Peregrines are possibly the fastest animal in the world. Their dives, used to catch birds in flight, have been clocked at more than 200 mph.

The Wildlife Resources Division and the world have watched falcons nest at McKenna, Long & Aldridge for five years, thanks to the law firm and a grant from The Garden Club of Georgia. One of the first peregrines nesting there was released in Atlanta by the state, in a partnership with Georgia Power and Zoo Atlanta, Ozier said.

The new falcons will face an urban environment plump with pigeons and other prey on the wing but also packed with potential hazards such as windows and traffic. Two of the three peregrines that hatched on the high-rise balcony last year were later treated for injuries.

“The young have to learn how to survive in the city,” Ozier said.

To see this year’s nest, go to and click “Conservation,” then “Species of Concern” and the peregrine falcon Web cam link under “Bird Conservation” label. The view shows the planter in which the birds nest. Frequently hit your computer’s refresh, or reload page, button: The images are updated every 30 seconds.

Urban Foraging

wild parsnip

wild parsnip

So I mentioned that while I was on a birdwatching tour of Prospect Park I ran into a friend taking a foraging for wild edibles tour. I keep thinking about it and figured out who was running the tour. The man’s name, appropriately enough, is “Wildman” Steve Brill.

On her tour, my friend found wild parsnips, sassafras and other edible plants. It was pretty amazing because almost nothing is green or blooming yet.

Here’s a schedule of his classes. I think I’m going to the one on April 18th in Prospect Park.

Sunday in the Park


This Sunday, friends of ours from Lindsay’s school took Lindsay for the day. We had 4 hours to ourselves and decided to walk around Prospect Park. We went to the Audubon Center, which somehow I had never visited. The 1905 Beaux Arts building was nearly torn down in the 1960s, but NYC granted it landmark status. The Prospect Park Alliance teamed up with Audubon New York to restore the boathouse and in 2002 it was completed. It’s a really lovely building that houses the nation’s first urban Audubon Center.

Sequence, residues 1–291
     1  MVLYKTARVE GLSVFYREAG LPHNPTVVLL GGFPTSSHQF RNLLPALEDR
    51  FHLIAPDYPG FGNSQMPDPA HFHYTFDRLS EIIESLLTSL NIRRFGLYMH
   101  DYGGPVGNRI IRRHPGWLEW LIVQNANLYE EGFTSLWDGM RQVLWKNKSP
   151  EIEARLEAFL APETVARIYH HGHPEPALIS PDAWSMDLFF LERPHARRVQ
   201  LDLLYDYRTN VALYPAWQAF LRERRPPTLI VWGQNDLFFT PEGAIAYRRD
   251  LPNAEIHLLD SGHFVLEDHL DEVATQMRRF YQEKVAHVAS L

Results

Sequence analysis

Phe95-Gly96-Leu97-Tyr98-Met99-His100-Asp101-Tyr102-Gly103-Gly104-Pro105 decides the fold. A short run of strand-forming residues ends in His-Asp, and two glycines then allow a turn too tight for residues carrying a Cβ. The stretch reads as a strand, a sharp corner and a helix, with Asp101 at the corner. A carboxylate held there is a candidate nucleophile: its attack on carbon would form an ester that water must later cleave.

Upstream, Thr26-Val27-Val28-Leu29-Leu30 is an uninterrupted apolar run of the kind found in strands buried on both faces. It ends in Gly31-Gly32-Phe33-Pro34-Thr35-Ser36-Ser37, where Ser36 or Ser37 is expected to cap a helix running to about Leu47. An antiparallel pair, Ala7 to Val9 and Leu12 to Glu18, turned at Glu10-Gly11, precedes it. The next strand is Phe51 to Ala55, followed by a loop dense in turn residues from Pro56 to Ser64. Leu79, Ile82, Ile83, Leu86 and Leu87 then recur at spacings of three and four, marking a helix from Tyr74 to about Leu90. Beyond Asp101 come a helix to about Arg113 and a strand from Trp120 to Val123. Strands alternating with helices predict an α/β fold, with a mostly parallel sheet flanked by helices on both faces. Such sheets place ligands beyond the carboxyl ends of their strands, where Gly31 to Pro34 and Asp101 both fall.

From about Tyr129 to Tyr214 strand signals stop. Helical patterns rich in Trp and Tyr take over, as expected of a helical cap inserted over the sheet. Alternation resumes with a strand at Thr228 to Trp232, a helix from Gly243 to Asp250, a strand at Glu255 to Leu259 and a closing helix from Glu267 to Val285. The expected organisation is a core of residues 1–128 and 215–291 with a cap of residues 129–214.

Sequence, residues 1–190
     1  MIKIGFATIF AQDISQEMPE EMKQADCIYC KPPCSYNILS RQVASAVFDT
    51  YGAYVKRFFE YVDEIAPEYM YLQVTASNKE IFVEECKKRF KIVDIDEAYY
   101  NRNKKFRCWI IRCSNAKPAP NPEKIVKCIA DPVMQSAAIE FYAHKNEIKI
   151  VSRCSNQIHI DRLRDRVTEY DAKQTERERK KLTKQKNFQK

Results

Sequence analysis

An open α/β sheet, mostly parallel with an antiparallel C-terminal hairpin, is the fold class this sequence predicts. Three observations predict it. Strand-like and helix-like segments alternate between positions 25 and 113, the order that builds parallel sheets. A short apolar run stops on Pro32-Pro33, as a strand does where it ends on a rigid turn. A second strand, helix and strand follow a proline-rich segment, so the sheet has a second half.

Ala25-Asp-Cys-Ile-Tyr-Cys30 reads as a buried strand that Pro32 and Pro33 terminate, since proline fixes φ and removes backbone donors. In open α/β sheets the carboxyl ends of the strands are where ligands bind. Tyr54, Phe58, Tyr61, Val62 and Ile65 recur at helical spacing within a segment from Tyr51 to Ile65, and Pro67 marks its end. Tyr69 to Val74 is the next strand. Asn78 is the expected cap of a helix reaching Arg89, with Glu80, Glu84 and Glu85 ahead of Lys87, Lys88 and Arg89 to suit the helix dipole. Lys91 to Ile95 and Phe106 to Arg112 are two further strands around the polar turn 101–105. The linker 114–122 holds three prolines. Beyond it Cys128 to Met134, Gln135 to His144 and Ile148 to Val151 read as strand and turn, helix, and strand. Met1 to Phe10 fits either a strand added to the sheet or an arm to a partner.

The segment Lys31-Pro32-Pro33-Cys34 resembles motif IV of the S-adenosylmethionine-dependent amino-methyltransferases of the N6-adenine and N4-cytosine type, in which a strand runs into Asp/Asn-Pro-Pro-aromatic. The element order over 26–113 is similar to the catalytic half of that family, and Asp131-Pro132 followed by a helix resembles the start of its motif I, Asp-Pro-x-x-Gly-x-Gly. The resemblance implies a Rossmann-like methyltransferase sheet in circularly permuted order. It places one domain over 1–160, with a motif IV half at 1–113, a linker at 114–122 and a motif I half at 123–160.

They have lots of events, including free birdwatching and nature walks every saturday and sunday. We took a nature walk and saw many of the birds we saw the day before at Jamaica Bay Wildlife Refuge. Our guide was funny and nice and really knew his stuff. While we were out on the tour, we ran into a friend on a different tour. Her tour was a 4-hour guide to wild edibles. She’s planning an article on Depression eating. I really want to take the next tour, which will be in Central Park and will be at a time when more plants are out.

Jamaica Bay Wildlife Refuge

On Saturday we went to Jamaica Bay Wildlife Refuge, which is a part of Gateway National Recreation Area to get a nature fix. This national park is lovely and in most areas you have no visual clues you are in or near a huge city. I kind of like the area where city meets nature, so my photos show more of that than the quiet nature. We saw lots of birds that were too far away to take decent photos. Some of what we saw was: downy woodpecker, northern shoveler, american coots, canada geese, snow geese (by the hundreds) great egret, eastern phoebe. There were many other birds that were hiding in the bushes, including many sparrows, which I don’t know how anyone can identify.

I’m not very good at identifying water birds, so we kind of looked over the shoulders of other birders and asked for help. Some were dressed as though they were going on a safari, which was kind of hilarious. Reminded me of the photo nerds I have spent countless hours around.

Jamaica bay

Jamaica bay_4
I really like the quiet color palette of winter.

Jamaica bay_3
Hundreds and hundreds of snow geese

Jamaica bay_1